Before we started cruising, it was hard to imagine how two adults and two children could control the ship 24/7. Above all, I had concerns about lack of sleep. After several long passages including the 19-day Atlantic crossing and the 36-day crossing of the East Pacific with our family crew, we figure that permanent watches are feasible without establishing a large sleep deficit. Repeatedly, we considered taking additional crew before the longer passages as many blue-water sailors are doing. We always decided against it, mainly because of limited privacy and the uncertainty whether the unknown crew would merge in.
As we are a crew of two adults only, Christian and myself need to share watches 24|7. During the day we have no fixed schedule for watches, but mostly Christian is on watch, where I play with the kids, bake, cook and perform other house hold duties. After having an early dinner, the children go to bed usually between 7 and 8 pm. Christians first watch begins, while I sleep until 11 pm. From 11 pm until 2 am I am on watch and again at dawn, starting around 6 am. The children usually share my last watch. Between 8 and 9 am we are having breakfast as a family.
During our watches usually the wind vane is steering the boat, in exceptional cases when winds are very light and the vane is not working properly or in case we are running under engine, the electrical autopilot is at the helm.
Off shore, every 15 minutes, we first (as eyes were adjusted to the dark) conduct a thorough watch out for navigational lights and dark clouds, subsequently we check course, wind direction and AIS signals. In areas with traffic, in coastal waters or in rough conditions, frequency for watch outs are increased. If required we also switch on the radar (e.g. for checking for approaching squalls) or turn on the electronic compass, sonar or wind meter. Constantly, we run GPS, AIS and navigation lights during the night to save energy.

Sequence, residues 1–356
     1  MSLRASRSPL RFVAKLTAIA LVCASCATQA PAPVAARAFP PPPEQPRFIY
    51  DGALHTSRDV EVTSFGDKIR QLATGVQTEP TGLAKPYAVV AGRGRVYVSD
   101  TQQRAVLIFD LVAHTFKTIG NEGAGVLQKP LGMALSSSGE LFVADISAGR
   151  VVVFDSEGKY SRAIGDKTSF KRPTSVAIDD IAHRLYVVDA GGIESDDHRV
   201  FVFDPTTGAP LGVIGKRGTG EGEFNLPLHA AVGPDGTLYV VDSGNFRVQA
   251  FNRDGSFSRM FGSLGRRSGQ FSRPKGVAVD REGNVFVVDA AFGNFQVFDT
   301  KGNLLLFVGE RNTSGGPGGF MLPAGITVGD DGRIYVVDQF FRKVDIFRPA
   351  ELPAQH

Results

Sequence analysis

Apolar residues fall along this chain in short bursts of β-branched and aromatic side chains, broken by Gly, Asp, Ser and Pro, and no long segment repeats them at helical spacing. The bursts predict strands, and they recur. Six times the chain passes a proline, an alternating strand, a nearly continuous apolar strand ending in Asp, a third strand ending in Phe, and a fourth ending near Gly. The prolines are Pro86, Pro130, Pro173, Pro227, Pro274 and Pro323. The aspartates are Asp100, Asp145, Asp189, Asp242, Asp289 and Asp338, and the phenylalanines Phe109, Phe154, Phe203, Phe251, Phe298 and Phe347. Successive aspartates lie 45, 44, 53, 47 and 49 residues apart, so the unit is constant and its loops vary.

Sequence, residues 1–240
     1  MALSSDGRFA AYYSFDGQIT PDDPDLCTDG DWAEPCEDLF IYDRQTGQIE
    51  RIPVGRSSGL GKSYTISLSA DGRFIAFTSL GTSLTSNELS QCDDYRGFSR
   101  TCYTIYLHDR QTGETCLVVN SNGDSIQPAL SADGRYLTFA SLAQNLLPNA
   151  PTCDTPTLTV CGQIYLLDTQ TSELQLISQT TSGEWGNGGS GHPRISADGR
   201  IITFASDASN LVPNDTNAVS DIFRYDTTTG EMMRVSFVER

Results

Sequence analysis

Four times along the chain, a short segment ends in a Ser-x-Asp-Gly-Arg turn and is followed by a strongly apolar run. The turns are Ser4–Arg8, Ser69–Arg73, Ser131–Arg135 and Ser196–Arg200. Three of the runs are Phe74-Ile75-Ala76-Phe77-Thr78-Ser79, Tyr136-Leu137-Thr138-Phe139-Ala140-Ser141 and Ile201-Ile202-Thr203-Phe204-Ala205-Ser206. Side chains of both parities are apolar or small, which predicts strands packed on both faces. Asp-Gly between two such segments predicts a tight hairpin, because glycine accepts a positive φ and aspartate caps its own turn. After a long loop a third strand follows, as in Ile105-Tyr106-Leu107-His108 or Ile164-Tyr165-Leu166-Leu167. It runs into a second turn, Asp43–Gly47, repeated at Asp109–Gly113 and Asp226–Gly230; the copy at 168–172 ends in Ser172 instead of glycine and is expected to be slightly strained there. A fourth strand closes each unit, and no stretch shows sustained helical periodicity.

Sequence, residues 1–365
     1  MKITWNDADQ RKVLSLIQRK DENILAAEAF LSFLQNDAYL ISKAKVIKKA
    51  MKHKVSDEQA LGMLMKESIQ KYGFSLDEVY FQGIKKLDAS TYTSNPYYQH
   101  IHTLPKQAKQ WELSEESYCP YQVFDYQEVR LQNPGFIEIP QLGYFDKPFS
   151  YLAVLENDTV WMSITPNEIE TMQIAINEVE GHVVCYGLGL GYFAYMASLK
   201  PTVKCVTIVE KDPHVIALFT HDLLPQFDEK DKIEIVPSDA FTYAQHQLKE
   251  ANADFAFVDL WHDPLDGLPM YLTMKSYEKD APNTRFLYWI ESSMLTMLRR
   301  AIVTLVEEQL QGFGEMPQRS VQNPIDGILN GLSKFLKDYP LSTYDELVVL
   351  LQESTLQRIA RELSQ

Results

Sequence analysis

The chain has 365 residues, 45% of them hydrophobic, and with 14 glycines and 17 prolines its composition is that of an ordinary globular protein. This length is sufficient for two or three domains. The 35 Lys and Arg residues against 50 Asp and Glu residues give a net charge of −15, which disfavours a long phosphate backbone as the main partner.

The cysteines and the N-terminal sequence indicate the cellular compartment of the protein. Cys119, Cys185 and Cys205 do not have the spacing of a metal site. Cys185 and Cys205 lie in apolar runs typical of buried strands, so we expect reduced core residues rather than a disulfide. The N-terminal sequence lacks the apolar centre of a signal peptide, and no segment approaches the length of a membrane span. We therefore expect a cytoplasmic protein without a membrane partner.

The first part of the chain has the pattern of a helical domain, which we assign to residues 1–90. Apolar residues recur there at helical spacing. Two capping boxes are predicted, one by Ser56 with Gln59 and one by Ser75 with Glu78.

While we stay most of the watch time in the deck saloon, we go outside for the look around. Between the single watch outs we spend time radioing, reading, cleaning or simply relaxing and always run a timer reminding us for the next watch out, which is great for the peace of our minds.
In case we need to adjust sails during the night, we do adjustments if feasible at the end/beginning of the watch. In case sails need to be reefed when winds increase both of us are required on deck. This luckily does not happen too often. We generally wear life jackets and life lines when working outside at night.
If no additional working hours occur during the night our watch schedule offers sufficient resting time, that both of us are fit for the next day without additional naps. Sometimes especially at the beginning of passages, when I do not have my sea legs yet, I take an additional nap during the day. Christian luckily is more robust and less prone to sea sickness.